Treatment Of Obsessive Compulsive Disorder Psychology Essay

Obsessive compulsive disorder is a common anxiety disorder, thought to be chronic and impairing for the individual. OCD is characterized mainly by two features, obsessions and compulsions. The obsessions and the compulsions can occur separately, either the one of them, or most commonly both (Abramowitz, Taylor & McKay, 2009).

1.1. Obsessions

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Obsessions are recurrent and intense thoughts, images, or impulses that can be intrusive and cause high anxiety to the individual (Abramowitz, Taylor & McKay, 2009; Doron & Moulding, 2009). These thoughts or images are not just normal worries about life problems (Abramowitz, Taylor & McKay, 2009). The individual recognize that these thoughts are products of his mind, that are excessive or unreasonable, and tries to suppress them, ignore them or disable them by doing some other thoughts or actions (Abramowitz, Taylor & McKay, 2009; Geffken, Storch, Gelfand, Adkins & Goodman, 2004). Some common examples of obsessive thoughts are thoughts or images of harming loved ones, doubts about not switching off the lights or other electrical equipment or not locked the doors, worries about being infected from viruses (contamination), somatic worries and aggressive or sexual thoughts (Abramowitz, Taylor & McKay, 2009; Geffken, Storch, Gelfand, Adkins & Goodman, 2004).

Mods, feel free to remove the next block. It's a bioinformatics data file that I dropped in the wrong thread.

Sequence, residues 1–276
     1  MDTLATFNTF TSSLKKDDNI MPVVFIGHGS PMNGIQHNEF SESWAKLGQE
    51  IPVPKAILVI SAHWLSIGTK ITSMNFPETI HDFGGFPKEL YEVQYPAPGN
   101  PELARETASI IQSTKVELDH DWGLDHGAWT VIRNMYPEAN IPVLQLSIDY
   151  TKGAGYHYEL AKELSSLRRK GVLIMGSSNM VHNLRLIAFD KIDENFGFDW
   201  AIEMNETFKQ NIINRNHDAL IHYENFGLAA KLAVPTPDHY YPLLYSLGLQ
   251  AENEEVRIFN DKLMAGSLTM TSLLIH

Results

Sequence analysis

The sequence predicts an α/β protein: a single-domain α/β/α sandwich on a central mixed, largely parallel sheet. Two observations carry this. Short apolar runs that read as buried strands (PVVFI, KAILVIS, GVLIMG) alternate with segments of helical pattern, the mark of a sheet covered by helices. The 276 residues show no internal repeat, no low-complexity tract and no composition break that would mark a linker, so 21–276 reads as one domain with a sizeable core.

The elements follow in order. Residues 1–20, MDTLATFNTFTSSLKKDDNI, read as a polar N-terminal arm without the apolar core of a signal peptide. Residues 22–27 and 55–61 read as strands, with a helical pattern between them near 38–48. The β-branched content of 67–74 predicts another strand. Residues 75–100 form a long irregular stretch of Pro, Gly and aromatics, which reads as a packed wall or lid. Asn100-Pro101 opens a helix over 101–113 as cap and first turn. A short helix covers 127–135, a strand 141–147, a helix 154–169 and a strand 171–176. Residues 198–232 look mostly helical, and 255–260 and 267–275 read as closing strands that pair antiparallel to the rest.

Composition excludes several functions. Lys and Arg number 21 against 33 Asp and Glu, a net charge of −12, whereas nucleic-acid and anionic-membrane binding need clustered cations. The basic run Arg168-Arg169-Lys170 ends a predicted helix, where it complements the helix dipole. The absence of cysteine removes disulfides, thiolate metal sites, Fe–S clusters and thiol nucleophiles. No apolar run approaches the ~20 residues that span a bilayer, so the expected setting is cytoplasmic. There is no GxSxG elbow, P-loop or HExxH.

1.2. Compulsions
Compulsions are repetitive behaviors or mental acts, that the individual feel forced to do in order to prevent or reduce anxiety or prevent a dreadful event that is usually caused by the unwanted and intrusive obsession (Abramowitz, Taylor & McKay, 2009; Geffken, Storch, Gelfand, Adkins & Goodman, 2004). However, most of the time the compulsive acts are excessive or irrelevant to what they tend to prevent (Abramowitz, Taylor & McKay, 2009). Examples of compulsive behaviors are repetitive hand washing, ordering or checking and compulsive thoughts are repetitive praying, counting, or thinking good things to replace the bad thoughts (Abramowitz, Taylor & McKay, 2009). Sometimes compulsions occurr according to rigid rules, for example the individual has to check if the light switch is off by switching it on and off for three times (Abramowitz, Taylor & McKay, 2009). The compulsions that can be seen by others are called overt compulsions (e.g. checking if a door is locked), and the compulsions that are mental acts and cannot be seen (e.g. mentally repeating a phrase or praying) are called covert.